Hepatitis B and C
Hepatitis is an inflammation of the liver, most commonly caused by a viral infection or by drinking too much alcohol. The hepatitis virus can cause acute and chronic infection and inflammation of the liver that can then lead to cirrhosis (scarring of the liver) and liver cancer. There are several different strains of hepatitis; the two strains transmitted during unprotected sex are Hepatitis B and Hepatitis C.
Hepatitis B is a common infection worldwide and is spread through the blood of an infected person; usually from infected pregnant women to their babies, or through child-to-child contact. It can also -be spread through unprotected sex or by injecting drugs using shared needles.
Acute symptoms include:
- feeling sick and/or vomiting
- aching muscles and joints
- weight loss
- loss of appetite
Symptoms can last up to two months but most adults infected with hepatitis B fully recover from the infection within a couple of months without treatment.
However, when long-term infections are seen most often in children, a long-term infection develops known as chronic hepatitis B, which can lead to cirrhosis and liver cancer.
Vaccination against hepatitis B is recommended for people in high-risk groups, such as healthcare workers, people who inject drugs, men who have sex with men, and people travelling to parts of the world where the infection is more common.
Antiviral medication can be used to treat it.
Hepatitis C is a common type of viral hepatitis in the UK and usually spreads through blood-to-blood contact with an infected person, most commonly through shared needles of injecting drug users. Although rare, it can be passed through bodily fluids including saliva and semen during unprotected sex.
Hepatitis C often causes no clear symptoms or only flu-like symptoms; therefore many people are unaware they are infected. Approximately, one in four people will fight off the infection but in some cases, the virus will stay in the body for many years causing a condition called ‘chronic hepatitis C’ which can lead to cirrhosis and liver failure.
There are currently no vaccines available for hepatitis C, though chronic infections can be treated by taking a combination of antiviral medications.
Hepatitis B and C together constitute a considerable burden of disease in the WHO European Region. Most people who are affected are unaware of their infection due to dormant symptoms and are at high risk of developing severe chronic liver disease and/or unknowingly transmitting the virus to others.
Risks for contracting Hepatitis
- having multiple sexual partners
- having another sexually transmitted infection (STI)
- being HIV-positive
- engaging in rough sexual intercourse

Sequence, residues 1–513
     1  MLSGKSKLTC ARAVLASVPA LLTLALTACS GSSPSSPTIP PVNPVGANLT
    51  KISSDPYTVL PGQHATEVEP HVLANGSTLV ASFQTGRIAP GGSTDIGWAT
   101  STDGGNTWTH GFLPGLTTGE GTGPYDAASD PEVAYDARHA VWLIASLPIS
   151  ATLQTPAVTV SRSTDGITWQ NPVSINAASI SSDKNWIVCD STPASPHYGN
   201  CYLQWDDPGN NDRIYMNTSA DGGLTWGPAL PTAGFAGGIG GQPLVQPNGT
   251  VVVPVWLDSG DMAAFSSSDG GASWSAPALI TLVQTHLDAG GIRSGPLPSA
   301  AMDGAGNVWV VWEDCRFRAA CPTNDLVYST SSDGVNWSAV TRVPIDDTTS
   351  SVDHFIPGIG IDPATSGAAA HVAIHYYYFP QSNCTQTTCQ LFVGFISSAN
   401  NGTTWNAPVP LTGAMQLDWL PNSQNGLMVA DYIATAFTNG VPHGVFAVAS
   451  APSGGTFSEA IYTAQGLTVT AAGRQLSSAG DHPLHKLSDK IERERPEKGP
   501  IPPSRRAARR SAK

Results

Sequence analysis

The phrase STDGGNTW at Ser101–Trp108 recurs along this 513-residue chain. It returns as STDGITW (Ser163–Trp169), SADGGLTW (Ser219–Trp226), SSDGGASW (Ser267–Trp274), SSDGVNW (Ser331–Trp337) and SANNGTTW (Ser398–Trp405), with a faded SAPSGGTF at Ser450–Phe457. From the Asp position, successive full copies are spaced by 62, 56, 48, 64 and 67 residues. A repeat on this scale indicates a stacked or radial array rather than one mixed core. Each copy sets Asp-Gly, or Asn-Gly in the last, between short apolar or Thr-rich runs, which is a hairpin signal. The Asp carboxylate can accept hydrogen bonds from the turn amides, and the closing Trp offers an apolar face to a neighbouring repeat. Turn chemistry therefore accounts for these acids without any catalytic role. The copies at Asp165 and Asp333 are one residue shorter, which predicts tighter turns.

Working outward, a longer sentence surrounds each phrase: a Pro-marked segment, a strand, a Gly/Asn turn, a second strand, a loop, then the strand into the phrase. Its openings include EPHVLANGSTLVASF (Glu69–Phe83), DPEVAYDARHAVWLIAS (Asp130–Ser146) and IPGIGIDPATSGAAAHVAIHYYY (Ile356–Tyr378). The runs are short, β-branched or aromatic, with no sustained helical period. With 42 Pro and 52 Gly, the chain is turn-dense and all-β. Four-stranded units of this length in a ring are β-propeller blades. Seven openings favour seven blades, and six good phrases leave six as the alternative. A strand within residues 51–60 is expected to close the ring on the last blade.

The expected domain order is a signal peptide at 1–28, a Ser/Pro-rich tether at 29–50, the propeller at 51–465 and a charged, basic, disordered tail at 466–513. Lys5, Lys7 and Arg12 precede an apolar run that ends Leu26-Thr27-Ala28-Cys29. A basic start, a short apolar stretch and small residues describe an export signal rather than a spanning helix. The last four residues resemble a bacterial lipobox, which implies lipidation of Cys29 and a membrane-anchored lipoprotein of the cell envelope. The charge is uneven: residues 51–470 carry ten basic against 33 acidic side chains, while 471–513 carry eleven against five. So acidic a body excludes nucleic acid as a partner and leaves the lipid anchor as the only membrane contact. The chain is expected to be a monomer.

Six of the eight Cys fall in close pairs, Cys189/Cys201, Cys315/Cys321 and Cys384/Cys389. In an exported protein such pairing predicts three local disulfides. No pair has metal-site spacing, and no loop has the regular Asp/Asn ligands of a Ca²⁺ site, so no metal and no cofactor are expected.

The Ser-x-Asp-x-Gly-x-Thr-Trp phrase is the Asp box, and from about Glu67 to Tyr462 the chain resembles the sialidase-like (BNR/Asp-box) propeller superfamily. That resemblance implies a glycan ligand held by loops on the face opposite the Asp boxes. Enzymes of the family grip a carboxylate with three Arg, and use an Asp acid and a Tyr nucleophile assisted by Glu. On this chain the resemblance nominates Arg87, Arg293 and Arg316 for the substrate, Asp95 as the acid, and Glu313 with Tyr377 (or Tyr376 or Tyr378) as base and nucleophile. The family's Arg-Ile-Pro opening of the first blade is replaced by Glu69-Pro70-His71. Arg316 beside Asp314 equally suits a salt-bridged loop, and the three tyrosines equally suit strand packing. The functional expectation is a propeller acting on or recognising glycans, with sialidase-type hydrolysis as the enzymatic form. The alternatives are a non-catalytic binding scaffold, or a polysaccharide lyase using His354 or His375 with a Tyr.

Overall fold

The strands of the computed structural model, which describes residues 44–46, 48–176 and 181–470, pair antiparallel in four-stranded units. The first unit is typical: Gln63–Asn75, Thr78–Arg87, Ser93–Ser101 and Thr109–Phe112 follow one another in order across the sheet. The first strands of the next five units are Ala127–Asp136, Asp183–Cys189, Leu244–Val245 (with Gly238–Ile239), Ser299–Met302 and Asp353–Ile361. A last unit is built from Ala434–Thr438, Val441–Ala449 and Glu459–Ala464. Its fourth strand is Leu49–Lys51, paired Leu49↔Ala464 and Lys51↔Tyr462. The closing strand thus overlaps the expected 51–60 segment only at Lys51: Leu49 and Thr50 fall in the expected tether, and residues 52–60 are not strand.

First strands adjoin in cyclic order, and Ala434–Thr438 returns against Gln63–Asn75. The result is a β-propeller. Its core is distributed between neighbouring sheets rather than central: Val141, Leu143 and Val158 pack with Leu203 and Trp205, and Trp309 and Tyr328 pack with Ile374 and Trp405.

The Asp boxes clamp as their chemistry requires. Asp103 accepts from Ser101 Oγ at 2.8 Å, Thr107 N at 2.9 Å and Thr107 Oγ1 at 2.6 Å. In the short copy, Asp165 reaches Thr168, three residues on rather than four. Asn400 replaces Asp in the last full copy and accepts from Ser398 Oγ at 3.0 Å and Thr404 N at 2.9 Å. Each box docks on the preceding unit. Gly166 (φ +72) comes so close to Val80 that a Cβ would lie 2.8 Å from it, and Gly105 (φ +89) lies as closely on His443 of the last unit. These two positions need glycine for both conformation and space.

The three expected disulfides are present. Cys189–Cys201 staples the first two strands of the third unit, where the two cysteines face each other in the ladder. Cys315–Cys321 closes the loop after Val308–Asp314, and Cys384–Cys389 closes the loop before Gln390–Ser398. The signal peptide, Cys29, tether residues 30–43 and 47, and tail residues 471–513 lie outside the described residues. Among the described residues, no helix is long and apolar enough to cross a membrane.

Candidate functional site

- not using barrier protection, such as condoms
There are a number of steps that may be taken to prevent contracting/ spreading hepatitis, a number involving safer sexual practice. The following are recommended:
- use a condom during all sexual contact, including oral sex
- ensure you use all barrier devices correctly in order to prevent ripping or tearing during intercourse
- do not engage in sexual contact when either partner has an open cut or wound in their genital region
- maintain sexual health with regular testing for STIs and ask sexual partners to do the same
- be honest about your sexual health with all partners (particularly if you have concerns or have tested positively for hepatitis)
- use extra precautions if you have HIV (your chance of contracting the hepatitis C virus is much higher)
- refrain from engaging in IV drug use and sharing needles. Also be wary of needles used for tattooing, piercing, or acupuncture- equipment must always be sterilized prior to use.
- get vaccinated for hepatitis B if you are in the high risk group. This includes:
- healthcare workers who are exposed to blood or body fluids
- babies born to infected mothers
- being close family or a sexual partners of someone with hepatitis B
- people travelling to or from a part of the world where hepatitis B is widespread (such as sub-Saharan Africa, east and southeast Asia, and the Pacific Islands)
- people who inject drugs or have a sexual partner who injects drugs
- people who change their sexual partner frequently
- men who have sex with men
For further advice or information contact the primary care centre on 200 72355 to get an appointment with your GP or nurse practitioner.
You can also contact the Infection Prevention and Control Practitioners for advise on 200 72266 Ext:2315